Monday, May 29, 2017

A Page from the Journal of Sullivan O'Grady

Character: Sullivan O'Grady
Book: Death of a Toy Soldier
Author: Barbara Early

Photo: Public domain via Wikipedia Commons

A page from the Journal of Sullivan O'Grady...

September 4, 2016

Sy DuPont is the most difficult man I've ever worked for since I became a home health aide. He's gruff and unappreciative and a penny-pinching cheapskate. My wife has been begging me to quit. And I'm not sure why I haven't. I've certainly lasted longer than anyone else he's had in.

Sigh. I take that back. I know why I haven't quit.

It all started with the Battle of Triangle Hill. See, Sy was there. He was a young man then, back in 1952. I've seen the picture of his unit on his mantel. And every time I came to work at the house, he told me the same story. Points out the same faces of the guys who didn't make it home.

Not all vets do that--talk about their experiences so openly.

And I should know. When I came home, I rarely said anything about my service. At first I told myself that it was because I wanted to shield my family from the horrors of the battlefield. Or maybe I was a bit chicken. Telling other people made it more real. Brought back the nightmares, not that the nightmares ever truly went away.

So we played this wonderful game of pretend, as if I was away on an extended business trip, and there was nothing really to talk about.

But Sy was talking. Not sure when he started: if he could talk about his experiences when he returned home from the field--the friends he lost, the terror he experienced--or whether it took him awhile to open up. But every time he told it, he seemed just a little less burdened by it.

Of course, his family didn't seem to want to hear it anymore. I can't blame them, really. As far as stories go, these weren't pleasant. And neither was Sy. And I can't help wonder what the crusty old man would have been like if he'd never seen Triangle Hill.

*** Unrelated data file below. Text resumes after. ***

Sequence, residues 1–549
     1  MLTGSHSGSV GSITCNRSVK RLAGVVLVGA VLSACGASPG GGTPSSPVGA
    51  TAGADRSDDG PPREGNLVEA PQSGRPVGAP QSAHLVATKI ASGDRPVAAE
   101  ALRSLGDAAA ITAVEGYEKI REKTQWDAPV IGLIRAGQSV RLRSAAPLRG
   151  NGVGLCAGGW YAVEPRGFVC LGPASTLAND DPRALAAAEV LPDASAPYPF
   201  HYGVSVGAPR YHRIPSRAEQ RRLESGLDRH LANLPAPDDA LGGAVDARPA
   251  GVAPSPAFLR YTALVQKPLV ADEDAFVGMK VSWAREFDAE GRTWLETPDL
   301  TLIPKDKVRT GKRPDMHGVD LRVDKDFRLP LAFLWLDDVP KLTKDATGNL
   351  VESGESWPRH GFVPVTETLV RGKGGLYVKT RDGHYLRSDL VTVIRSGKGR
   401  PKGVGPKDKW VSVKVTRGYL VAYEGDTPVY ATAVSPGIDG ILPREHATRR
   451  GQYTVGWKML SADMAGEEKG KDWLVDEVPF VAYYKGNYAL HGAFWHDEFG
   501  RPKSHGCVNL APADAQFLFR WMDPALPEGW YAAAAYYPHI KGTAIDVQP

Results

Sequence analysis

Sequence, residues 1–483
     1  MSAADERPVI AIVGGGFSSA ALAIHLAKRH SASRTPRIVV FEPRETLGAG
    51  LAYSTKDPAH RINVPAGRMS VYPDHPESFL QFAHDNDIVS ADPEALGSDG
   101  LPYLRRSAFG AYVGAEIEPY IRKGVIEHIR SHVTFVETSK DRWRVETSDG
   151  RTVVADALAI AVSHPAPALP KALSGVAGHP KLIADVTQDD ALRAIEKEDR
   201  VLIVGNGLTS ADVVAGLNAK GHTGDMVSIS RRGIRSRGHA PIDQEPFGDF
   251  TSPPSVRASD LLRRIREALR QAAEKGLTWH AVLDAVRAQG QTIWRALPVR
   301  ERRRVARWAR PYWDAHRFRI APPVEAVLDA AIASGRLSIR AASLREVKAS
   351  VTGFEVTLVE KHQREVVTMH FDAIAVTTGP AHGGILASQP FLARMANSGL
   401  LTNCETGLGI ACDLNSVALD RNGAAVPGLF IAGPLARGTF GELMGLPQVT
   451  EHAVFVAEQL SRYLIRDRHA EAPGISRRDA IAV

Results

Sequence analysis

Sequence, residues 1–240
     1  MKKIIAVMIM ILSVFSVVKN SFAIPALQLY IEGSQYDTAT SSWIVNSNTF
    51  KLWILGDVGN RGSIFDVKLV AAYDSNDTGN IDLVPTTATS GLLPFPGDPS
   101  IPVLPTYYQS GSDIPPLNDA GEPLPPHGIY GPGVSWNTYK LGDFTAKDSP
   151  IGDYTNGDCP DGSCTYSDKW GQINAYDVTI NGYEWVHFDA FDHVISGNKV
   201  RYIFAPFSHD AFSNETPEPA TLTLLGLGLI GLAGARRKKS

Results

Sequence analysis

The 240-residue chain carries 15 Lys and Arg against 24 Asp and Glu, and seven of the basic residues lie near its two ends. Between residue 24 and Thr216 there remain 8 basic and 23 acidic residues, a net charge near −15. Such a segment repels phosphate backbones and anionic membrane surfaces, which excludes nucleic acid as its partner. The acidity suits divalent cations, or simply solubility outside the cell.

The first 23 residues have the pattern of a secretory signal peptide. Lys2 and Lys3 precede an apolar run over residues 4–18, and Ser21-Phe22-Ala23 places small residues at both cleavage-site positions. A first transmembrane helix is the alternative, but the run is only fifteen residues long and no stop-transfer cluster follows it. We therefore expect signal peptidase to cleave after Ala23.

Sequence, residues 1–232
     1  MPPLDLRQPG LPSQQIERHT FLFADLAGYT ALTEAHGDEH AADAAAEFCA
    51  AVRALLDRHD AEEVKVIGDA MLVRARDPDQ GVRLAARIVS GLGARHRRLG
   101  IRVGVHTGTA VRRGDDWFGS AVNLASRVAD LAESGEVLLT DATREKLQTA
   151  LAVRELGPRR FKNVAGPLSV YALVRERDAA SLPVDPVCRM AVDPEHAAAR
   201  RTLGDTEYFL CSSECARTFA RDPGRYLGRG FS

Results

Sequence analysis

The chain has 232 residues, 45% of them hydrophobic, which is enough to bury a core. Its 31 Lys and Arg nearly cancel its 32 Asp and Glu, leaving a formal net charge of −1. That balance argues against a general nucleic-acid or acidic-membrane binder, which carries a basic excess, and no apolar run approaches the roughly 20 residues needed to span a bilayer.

But that's what I learned from Sy. And after every particular hard day at that spooky old house of his, I'd come home and hold my wife and kids close, and share just a little bit more.


Sullivan O'Grady and Sy Dupont are fictional characters, but on this Memorial Day weekend, I'd like to remember and honor those who served.

My father served in the Navy during the Vietnam War. When he came home, it was at a time where the public was often not very kind to returning vets. It took him a long time to open up and talk about his experiences. In the interim, his PTSD took a toll on him and our whole family.

Of, course, some never made it home at all.

Our freedom isn't free, so while I'm all for barbecues and long weekends, let's take some time this weekend to thank and honor our veterans.

And if you served, thank you.


  1. Thank you for your comments. My family has served in the military since before we were a country. Recently I get the impression that Memorial Day has become a day for sales of merchandise and hot dogs on the grill. And please, thank your Father for his service.

  2. I am thankful for your Father's service in Vietnam, and wish he had been treated like the hero he is when he came home. My Dad fought and was wounded in the Korean War and carried shrapnel in his leg and chest that the surgeons determined were too dangerous to remove. He did not like to talk about his service, maybe for the same reasons Sullivan O'Grady held back. One of my Dad's friends fought in World War II and was captured and spent some time in a German POW camp. Someone asked him how he escaped, and he just said, "I didn't like the food." He ended up teaching German at West Point!